Picture the Champs Elysées in Paris in late July. The crowds line the wide boulevard as far as the eye can see, and a long rainbow of helmets stretches round the corner under the vast shadows of the Arc de Triomphe. Leaning into the curve at improbable angles, a speck or two shoot off in the crash barriers, sparks before the fire. On the long straight, each rider straining to keep the wheel in front, and the peloton comes back together. As one lap turns into another, this giant spear-headed fish starts to madden, fleeing an imaginary harpoon, flailing and fighting as the riders duck and dive for position. On the final straight, fuelled by the explosion of noise from the crowd, it bursts into flame. The sparks stand on their pedals and dart around for the right wind to follow – some fade into the flame, their work done, others may collide and fall, and those remaining hope to fly off into the stars.
This is the aspirational scenario for Doha Corniche, sun-drenched and sand-blown Champs-Elysées on the emerald sea, for the finale of the Tour of Qatar, hunting ground for the sprinting elite, and where the early blows are struck in the professional cycling season.
No-one prepared me for the silence. As the peloton hauled its way up and down under the palm trees, barely a word was spoken. With each lap, the concentration on the riders’ faces and the strain in their muscles intensified as the spring wound up. All I could hear was the whirr of the chainwheels and the rush of the wind, and a momentary silence rolling away down the road.
Nor, in Paris, would I be able to stand on the finish line, my camera lens thrust over the white paint on the tarmac, looking into the commentary box. Walking around in my lycra shorts had made me feel like I was turning up to high tea in my underpants, and I was relieved when a few other cyclists began to lean their bicycles on the railings and shout into the road. The atmosphere gradually built, and the adrenalin began to flow – clearly it will take a while to reproduce the Champs Elysées here – but to witness a sprint finish at close quarters was as electrifying as I had hoped.
The Tour of Qatar is not the only sporting event happening in Qatar. In fact, there are more than I can keep track of – there are global sailing, tennis, athletics, driving, handball competitions all happening in a short space of time: Qatar is now a prolific host of high-profile international sporting events, and a sought-after investor in sports teams and tournaments. Qatar’s recent National Sports Day was a public holiday, a traditional day of games and glory as ancient Olympians would have known.
Honouring the occasion at our site office in the desert, I consumed fries and a club sandwich at my desk and endeavoured to fill my coffee breaks with occasional nightmares about past school sports days. Even the roads respected Sports Day, the only day I had seen them running free, as if playing themselves. Clearly, if Qatar is serious about sport, health, and a more attractive urban environment for Doha, much deeper solutions are required, starting with the sort of long-term sacrifices many cities have made for public and non-motorised transport over private cars.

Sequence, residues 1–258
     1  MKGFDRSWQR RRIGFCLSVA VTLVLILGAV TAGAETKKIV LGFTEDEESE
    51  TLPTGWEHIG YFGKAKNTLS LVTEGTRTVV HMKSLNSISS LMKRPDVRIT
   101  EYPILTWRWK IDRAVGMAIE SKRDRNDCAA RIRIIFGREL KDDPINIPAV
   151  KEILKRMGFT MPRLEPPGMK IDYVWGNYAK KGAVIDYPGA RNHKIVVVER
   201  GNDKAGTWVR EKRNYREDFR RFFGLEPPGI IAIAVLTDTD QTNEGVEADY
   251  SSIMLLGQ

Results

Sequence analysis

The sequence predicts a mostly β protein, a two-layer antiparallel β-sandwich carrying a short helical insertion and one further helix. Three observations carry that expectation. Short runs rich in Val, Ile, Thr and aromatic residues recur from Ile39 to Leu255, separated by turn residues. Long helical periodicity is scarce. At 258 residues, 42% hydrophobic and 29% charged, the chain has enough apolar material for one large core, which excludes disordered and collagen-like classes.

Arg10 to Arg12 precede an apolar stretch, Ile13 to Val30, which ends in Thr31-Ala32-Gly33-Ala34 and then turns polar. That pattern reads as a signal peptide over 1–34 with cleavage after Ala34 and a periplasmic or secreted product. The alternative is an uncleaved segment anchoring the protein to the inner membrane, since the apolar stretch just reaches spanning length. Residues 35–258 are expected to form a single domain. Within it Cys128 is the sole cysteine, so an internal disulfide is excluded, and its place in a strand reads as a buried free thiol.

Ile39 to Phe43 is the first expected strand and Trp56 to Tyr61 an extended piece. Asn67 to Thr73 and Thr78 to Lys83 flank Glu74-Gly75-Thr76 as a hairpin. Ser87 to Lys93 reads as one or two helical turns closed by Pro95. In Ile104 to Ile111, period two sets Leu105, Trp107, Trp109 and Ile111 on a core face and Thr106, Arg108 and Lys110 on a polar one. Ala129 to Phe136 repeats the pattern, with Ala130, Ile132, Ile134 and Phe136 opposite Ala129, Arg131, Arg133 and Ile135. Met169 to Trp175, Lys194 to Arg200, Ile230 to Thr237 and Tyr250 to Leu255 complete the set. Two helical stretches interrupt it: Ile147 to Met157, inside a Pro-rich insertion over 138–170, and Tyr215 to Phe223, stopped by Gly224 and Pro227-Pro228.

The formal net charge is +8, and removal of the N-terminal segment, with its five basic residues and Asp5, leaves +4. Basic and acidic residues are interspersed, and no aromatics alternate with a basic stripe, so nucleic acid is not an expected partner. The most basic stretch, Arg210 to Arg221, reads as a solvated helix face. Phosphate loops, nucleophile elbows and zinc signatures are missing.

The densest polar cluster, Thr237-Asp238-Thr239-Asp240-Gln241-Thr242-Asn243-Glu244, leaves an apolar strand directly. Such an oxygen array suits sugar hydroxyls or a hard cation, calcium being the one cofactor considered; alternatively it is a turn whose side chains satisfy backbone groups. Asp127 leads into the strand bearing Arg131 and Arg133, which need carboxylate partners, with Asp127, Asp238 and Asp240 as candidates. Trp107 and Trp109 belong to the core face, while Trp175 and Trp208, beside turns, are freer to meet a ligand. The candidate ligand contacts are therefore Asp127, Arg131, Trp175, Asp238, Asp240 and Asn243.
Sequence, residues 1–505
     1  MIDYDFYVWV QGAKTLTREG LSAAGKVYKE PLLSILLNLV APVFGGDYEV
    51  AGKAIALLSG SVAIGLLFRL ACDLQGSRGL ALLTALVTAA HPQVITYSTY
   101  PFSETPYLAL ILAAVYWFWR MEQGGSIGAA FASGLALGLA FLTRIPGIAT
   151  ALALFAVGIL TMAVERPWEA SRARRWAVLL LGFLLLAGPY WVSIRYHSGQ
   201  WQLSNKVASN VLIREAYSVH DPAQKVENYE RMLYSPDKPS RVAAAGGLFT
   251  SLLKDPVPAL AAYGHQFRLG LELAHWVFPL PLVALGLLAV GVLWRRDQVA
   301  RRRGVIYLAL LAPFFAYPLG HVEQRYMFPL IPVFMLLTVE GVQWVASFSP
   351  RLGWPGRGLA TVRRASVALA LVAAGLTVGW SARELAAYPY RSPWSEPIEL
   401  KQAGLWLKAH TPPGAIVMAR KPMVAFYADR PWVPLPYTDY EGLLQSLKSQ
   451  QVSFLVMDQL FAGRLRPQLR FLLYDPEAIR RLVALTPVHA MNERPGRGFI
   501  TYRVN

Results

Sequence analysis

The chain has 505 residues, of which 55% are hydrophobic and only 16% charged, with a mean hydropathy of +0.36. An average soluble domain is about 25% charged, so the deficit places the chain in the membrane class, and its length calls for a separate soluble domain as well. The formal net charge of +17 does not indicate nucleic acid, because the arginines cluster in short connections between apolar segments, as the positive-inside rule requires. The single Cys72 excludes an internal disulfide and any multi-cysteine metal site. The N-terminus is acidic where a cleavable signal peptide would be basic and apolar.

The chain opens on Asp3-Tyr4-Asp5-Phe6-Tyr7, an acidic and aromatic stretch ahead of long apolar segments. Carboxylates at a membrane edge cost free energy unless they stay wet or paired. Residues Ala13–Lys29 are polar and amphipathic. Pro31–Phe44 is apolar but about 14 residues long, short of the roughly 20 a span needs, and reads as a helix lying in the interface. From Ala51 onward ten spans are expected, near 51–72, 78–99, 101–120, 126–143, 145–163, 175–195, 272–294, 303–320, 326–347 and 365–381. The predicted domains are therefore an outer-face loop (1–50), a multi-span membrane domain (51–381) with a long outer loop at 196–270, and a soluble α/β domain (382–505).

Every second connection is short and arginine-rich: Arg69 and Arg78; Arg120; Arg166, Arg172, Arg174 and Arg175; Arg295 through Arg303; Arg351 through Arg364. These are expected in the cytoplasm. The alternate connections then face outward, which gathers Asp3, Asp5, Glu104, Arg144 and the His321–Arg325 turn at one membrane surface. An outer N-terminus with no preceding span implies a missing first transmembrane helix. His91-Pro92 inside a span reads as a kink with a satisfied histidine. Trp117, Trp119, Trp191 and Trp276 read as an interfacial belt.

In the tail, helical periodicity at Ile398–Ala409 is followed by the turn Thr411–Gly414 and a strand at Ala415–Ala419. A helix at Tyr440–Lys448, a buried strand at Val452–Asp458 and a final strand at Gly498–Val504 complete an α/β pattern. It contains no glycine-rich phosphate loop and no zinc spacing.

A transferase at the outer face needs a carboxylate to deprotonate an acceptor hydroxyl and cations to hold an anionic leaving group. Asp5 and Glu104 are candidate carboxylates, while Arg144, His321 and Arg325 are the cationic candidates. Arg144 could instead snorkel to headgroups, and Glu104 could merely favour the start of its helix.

Racked with guilt from my no-show on National Sports Day, I was persuaded to go dragon boating. I imagined that it would involve fire, flying, impenetrable scales, a close brush with death in treacherous waters, and a glorious redemption with a spear to the vulnerable underbelly as the dragon draws breath for his final onslaught. Needless to say, it is in fact much like rowing, only simpler.
The process of learning a new skill, and possibly my Sports Day guilt, made me ask, why do we play sport? Games are for children, right? Riding the dragon’s back as I was, beating the poor creature through the water so inelegantly, I began to wonder how foolish I was. However, as the dragon tired, I found myself returning to technicalities I was familiar with: discovering that the same metronome keeping a peloton riding inches from each others’ wheels also makes a longboat glide through the water. Similarly, the same precise awareness and control of dynamics that a court player will use to strike the ball is useful to a rower placing a paddle.
Surely it is no coincidence that life and work are sometimes referred to as a game, for sport teaches us to know our body and mind – to gauge our limits and pace our efforts, to know false hunger and real hunger, to shrug off defeat, and to know how long and hard a skill is won. And perhaps sport has lessons for society and economy as well – in a boat or in a peloton, everyone gets to the finish line quicker and enjoys it more if they pull together, look out for the weaker riders or rowers, take the time to support, educate and train them.
Still feeling like I was condemned to physical education purgatory for my Sports Day sleight, I turned up to a squash club, to find a former Egyptian national player training – he could have wiped the floor with me and still not have cleaned all the corners. Instead he gave me a few tips and enthused about the game, and I stayed to watch his deft flicks and dancing feet, the time-old magic of observing a craftsman who had truly mastered his art.
Perhaps you think you’ve never been very good at sport. Perhaps you’re too busy or prefer other skills. Maybe you’ve had a bad experience. Sport is certainly not the only skill or art worth knowing, and most of us will never sprint down the Corniche or play squash for our country – but, like a car that seizes up when it is not used, our bodies are designed to be active, every day of our lives. And there are more sports out there than most of us will ever have the chance to play, and more reasons to enjoy each one than we will ever know. So go on, grow up: explore outdoors, learn something new, play a game.